Healthy Living

Why care about posture and pains in back, knee and shoulder?

Why care about posture and pains in back, knee and shoulder?

Chances are you do a lot to sabotage your posture during the course of an average day: reading a good book with your head down, sitting at a computer, or scrolling on your phone.

Activities like these can get your body in the habit of hunching or slouching. Over time this may lead to physical changes that make it harder to stand up straight and cause a curvature in your upper back, which doctors refer to as kyphosis.

While there are medical causes of kyphosis — such as arthritis, osteoporosis-related fractures in the spine, deteriorating discs, or injuries — some cases of kyphosis can be caused by chronic poor posture over many years. This leads to muscles becoming too rigid and too weak to support your upper body properly. Whether you've noticed you're already starting to slouch or you just want to prevent problems in the future, exercise and better lifestyle habits can help.

Poor posture does far more than just affect how you look when you are standing or sitting. It can reduce your strength, impair your balance, and potentially lead to other physical problems over time. Posture problems can start early. Research shows that even teens are affected, says Dr. Frates. By the time people reach middle age, they may already notice changes in their posture or be experiencing chronic pain as a result.

The key to good posture

Holding yourself erect requires both flexibility and strength, specifically strength in a group of muscles and tendons that run the length of the spine, known as the erector spinae. These muscles flank your spine, helping to keep it in position. They work in conjunction with other core muscles and upper-body muscles to hold your body in a straight line. But the good news is that you can strengthen your muscles and improve your posture even if it's already starting to sag. Studies have  found that exercise were able to improve kyphosis of the upper back. Researchers concluded that strengthening appeared to be more effective than stretching alone in improving kyphosis.

Posture-enhancing exercises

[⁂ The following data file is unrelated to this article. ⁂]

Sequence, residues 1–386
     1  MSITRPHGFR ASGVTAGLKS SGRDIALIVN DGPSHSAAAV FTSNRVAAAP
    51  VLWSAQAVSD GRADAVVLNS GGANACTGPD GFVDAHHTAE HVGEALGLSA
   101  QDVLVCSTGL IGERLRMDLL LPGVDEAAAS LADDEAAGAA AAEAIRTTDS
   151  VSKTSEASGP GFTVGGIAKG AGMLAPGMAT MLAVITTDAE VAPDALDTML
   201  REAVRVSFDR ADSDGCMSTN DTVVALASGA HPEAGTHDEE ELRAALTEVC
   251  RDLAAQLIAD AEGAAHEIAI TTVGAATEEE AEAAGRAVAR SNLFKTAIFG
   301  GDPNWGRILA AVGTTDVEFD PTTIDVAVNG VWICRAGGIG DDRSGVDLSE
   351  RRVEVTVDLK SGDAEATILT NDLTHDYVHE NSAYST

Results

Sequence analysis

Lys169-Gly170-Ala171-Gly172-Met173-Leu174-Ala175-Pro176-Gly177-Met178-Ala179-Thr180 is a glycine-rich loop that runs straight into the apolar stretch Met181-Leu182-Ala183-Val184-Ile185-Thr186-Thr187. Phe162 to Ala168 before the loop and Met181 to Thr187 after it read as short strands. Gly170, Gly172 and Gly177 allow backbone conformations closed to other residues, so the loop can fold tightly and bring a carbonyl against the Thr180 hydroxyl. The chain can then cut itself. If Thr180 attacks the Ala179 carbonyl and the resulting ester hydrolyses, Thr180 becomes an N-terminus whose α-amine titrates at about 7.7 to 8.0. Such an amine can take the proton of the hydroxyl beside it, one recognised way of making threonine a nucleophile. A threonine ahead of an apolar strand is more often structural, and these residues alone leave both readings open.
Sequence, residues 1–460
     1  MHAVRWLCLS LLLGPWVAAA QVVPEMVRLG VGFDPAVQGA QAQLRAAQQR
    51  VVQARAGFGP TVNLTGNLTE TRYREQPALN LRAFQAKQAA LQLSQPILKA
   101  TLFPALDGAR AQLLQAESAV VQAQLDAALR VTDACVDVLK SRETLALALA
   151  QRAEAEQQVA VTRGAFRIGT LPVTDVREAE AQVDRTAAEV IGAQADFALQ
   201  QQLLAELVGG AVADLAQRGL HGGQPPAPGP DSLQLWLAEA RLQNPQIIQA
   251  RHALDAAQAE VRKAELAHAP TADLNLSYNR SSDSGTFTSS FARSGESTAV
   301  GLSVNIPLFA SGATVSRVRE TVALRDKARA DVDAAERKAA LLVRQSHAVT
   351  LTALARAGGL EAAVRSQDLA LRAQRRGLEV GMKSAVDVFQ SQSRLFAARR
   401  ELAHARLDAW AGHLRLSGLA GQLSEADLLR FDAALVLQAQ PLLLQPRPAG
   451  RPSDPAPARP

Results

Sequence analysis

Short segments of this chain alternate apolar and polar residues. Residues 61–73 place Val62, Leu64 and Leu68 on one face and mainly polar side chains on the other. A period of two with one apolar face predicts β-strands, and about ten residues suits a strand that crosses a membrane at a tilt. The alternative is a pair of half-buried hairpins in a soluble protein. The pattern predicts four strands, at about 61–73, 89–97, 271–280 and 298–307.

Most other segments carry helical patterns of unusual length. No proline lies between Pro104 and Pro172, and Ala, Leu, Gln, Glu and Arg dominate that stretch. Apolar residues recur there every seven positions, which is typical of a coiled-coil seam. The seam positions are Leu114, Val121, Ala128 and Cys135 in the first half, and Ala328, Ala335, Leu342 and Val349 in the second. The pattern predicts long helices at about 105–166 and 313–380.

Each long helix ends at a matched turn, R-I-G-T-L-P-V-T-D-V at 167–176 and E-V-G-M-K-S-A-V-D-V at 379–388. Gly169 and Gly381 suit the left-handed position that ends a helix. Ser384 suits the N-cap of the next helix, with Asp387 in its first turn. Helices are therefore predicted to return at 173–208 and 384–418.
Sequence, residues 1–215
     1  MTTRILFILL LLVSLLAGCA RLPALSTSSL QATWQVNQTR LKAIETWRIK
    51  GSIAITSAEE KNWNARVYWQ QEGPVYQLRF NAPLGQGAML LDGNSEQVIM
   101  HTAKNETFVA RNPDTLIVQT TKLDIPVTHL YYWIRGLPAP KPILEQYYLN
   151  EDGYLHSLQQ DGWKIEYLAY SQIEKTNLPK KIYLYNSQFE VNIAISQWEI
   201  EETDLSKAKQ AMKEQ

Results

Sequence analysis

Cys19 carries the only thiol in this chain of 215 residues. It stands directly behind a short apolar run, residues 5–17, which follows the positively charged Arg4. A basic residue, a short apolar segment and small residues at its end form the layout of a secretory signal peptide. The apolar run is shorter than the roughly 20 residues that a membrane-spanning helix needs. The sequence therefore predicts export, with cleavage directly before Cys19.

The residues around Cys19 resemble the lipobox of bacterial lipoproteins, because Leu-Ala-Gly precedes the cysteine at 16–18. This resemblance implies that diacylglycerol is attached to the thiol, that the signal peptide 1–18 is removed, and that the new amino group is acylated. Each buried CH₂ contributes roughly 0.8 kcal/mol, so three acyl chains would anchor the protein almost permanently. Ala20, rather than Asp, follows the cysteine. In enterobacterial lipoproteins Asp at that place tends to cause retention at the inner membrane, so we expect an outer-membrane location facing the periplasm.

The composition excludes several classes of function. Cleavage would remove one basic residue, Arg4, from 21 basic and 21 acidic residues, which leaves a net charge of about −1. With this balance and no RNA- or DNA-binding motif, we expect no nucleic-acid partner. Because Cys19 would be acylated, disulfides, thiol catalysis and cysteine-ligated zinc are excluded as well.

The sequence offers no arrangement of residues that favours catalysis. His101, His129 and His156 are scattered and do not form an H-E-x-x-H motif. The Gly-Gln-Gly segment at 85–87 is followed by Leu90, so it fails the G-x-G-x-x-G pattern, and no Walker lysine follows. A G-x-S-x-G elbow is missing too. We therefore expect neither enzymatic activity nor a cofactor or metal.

Yoga is great way to improve posture. Yoga focuses on gentle stretches and poses. Exercises that target the upper body, arms, back, and abdomen are likely to benefit your posture by strengthening the muscles that help to hold you erect. In addition to doing exercises to strengthen muscles and improve flexibility, also be conscious of your posture, and pull yourself upright whenever you notice that you are starting to slouch. You can even buy a wearable device that will alert you when your upper body starts to bend forward.

Pain relief for hips and knees

Ultrasound, phonophoresis, and iontophoresis

Therapeutic ultrasound is a simple procedure that uses sound waves to increase blood flow, relax muscle spasms, and aid healing that leads to faster hip pain relief and knee pain relief. The therapist applies gel to your skin and moves an ultrasound wand over your skin around the painful area. In a special ultrasound technique called phonophoresis, medication (often hydrocortisone) is added to the gel. In a survey of orthopedic physical therapists, more than half said they would use ultrasound and phonophoresis to reduce soft-tissue inflammation (in tendinitis or bursitis, for example). These techniques are also used to manage pain, heal tissue, and help muscles stretch.

Iontophoresis uses electrical currents to speed the delivery of medication to damaged tissue, or simply to reduce muscle spasms and related irritation. Patches similar to Band-Aids are placed on the skin, and a painless, low-level current is applied for about 10 to 15 minutes. You may feel warmth or tingling during the treatment.

Therapeutic exercise

Strengthening the muscles around a damaged knee or hip can help reduce stress on a joint. For example, your hips have to do less work to support your body weight if your quadriceps, gluteals, hamstrings, and abdominal muscles are strong. Strong quadriceps can also take on some of the shock- absorbing work of the meniscus or cartilage in the knees. The proper balance of strength in the muscles can hold the joint in the most functional and least painful position. Flexibility exercises (to stretch and relax specific muscles) are also an important part of an exercise plan to improve joint function.

Gait retraining

Knee and hip problems can disrupt your normal walk by causing pain, restricting joint movement, or weakening muscles. And a person's normal pattern of standing, walking, or running may invite joint problems. It may take many years of walking with an abnormal gait before joint injury occurs. A physical therapist can analyze your gait and help you learn to move more efficiently. Initially, the "normal" gait may feel odd. It can take practice and continued instruction before it becomes comfortable, but it will eventually become natural for you. Physical therapists may also suggest a change in shoes or ways to strengthen muscles that can help restore a more aligned gait.

Shoulder Pain

Be free from the pain of bursitis • tendinitis • rotator cuff injury • biceps tendon tears • shoulder instability • osteoarthritis • frozen shoulder • shoulder sprain • shoulder impingement • and more.

You don’t have to let shoulder pain handcuff you. Shoulder pain is treatable and beatable. Shoulder pain is pain you can do something about. Regular exercises can prevent pain and cause amelioration if it has started.

 

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